Now consider the technology sector where general IT staff earn £21.81 hourly and this rate rises significantly for managerial roles and architects. It becomes more appealing to replace employees in roles where there is a higher labour cost associated, but don’t forget that information tasks are less likely to become automated. So, though the threat of robotics and AI to technology jobs may appear real, there is still ample time for professionals to adjust to the changes.

How robotics and AI will reshape jobs within technology

A recent Deloitte report found that 82% of large UK companies are adopting AI yet just 15% are ‘seasoned’ implementors. The rapid pace at which technology is developing is creating an AI skills gap. Evidently, this is not a threat but an opportunity for IT professionals.

Though, as AI becomes more sophisticated, its role will transition from simple automation to software development. Companies such as Data Robot and H2O.ai have matured their AI tools so they can write code - a task that just years ago we thought was far too complex for a machine to perform, but the introduction of bottom-up AI helped it become a reality. While top-down AI aims to pre-programme a machine with every layer of human cognition, bottom-up trains technology to build complex understanding from a foundation of simple methods. The good news is that using this approach, AI software - such as TabNine - can now suggest possible endings for code and thereby boost a developer’s productivity. This just one example of how AI can be used to reduce monotony and free up time for technology professionals.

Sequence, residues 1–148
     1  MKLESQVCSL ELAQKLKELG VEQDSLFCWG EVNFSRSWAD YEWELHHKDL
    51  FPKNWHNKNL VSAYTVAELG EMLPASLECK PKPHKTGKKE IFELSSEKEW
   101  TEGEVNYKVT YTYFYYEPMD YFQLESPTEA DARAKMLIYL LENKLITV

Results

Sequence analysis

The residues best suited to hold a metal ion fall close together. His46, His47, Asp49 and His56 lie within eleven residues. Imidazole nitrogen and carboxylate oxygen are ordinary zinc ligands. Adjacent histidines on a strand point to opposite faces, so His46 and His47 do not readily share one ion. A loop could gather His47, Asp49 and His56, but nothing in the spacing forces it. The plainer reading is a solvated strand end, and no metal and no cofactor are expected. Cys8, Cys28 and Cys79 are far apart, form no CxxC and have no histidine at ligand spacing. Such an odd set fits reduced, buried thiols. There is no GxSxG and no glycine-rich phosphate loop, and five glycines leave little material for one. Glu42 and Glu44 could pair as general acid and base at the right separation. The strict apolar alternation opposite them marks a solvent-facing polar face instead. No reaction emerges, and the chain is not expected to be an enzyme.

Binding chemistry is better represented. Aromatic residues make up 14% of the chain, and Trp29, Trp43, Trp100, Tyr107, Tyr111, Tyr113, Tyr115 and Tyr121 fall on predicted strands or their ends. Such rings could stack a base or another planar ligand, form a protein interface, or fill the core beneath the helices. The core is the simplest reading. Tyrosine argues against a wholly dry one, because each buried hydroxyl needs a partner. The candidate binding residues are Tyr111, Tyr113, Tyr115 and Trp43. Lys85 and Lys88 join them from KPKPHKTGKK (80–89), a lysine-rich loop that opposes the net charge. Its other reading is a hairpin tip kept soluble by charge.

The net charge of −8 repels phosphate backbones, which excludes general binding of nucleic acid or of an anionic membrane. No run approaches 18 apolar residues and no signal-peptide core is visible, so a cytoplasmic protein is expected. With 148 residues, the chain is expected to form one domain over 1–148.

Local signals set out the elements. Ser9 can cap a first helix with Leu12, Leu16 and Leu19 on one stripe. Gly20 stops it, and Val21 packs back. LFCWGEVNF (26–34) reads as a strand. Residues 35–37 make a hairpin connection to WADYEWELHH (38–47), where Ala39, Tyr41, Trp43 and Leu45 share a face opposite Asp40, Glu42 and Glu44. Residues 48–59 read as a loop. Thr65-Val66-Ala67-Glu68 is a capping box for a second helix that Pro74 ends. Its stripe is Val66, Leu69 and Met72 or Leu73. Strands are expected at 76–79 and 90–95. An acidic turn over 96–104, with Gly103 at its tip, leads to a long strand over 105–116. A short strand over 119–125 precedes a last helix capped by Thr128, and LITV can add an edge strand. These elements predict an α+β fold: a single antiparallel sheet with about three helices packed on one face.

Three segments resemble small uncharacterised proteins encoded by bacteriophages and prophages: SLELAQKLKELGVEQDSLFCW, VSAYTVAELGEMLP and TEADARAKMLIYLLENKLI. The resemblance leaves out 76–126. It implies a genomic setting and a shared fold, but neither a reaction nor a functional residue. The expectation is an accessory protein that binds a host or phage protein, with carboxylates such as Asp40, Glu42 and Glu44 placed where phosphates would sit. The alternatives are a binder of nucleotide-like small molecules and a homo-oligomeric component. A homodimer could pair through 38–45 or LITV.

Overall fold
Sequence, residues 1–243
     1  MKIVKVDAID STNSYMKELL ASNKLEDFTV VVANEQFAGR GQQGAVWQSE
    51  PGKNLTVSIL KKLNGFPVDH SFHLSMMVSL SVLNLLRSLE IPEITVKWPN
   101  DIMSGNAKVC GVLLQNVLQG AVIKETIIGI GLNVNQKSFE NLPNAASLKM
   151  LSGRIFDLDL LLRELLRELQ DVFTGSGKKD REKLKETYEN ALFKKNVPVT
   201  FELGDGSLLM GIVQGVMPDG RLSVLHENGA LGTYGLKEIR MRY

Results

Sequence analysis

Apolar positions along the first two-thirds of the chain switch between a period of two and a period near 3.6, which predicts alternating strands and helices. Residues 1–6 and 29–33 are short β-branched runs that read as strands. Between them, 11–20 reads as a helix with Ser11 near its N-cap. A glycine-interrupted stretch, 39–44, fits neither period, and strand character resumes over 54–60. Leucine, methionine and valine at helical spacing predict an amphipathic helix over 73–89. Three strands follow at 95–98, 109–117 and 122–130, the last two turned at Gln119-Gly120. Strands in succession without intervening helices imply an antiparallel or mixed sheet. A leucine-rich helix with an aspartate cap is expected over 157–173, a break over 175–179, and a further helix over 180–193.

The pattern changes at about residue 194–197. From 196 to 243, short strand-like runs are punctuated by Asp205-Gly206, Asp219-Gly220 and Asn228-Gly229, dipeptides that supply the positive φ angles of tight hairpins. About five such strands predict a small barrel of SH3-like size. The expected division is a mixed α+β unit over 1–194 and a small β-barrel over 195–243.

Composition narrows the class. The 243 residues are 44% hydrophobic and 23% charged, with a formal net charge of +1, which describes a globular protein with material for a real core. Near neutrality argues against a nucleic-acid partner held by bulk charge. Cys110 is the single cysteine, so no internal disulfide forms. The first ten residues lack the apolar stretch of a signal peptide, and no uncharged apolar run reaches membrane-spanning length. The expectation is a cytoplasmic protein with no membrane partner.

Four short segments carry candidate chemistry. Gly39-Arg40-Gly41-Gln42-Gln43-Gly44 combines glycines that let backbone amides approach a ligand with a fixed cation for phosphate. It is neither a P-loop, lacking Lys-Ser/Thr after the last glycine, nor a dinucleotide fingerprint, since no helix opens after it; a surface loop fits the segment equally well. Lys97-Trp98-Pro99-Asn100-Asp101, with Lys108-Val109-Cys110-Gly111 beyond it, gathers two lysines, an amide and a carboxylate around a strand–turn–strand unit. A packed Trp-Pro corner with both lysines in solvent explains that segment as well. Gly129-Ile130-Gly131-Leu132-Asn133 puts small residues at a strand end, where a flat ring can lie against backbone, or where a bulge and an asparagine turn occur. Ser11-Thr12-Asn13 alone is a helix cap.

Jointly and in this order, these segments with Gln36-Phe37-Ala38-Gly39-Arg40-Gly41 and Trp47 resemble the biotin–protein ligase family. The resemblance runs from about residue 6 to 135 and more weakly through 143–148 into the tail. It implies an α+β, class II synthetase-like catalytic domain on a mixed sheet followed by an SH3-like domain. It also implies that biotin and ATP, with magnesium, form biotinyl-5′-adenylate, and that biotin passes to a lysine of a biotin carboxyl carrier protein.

What can a robot do that you can do better?

Robotics and machine have their limits, though they are closing the gap when it comes to particular skills, and in some instances, they are outperforming us on tasks where we naively thought we’d always have the upper hand. Technology professionals must demonstrate to stakeholders and upper management their ability to navigate and direct within the dynamic technology landscape. To do so they must identify which aspects of their role are easily automatable, then innovate the process. In the face of automation, technology professionals have the chance to take actions that will influence the future of their company and become more valuable employees than ever.

Working with robots and not against

Collaboration is key here. Those who learn how AI can transform their work and use it to their advantage will earn the most valuable technology jobs. It is an opportunity for programmers, software developers and project managers to upskill and reduce the monotony of their work. In light of the changes that are taking place, technology professionals must become technology advisors, learn to speak the language of robots and, most importantly, nurture workplace relationships.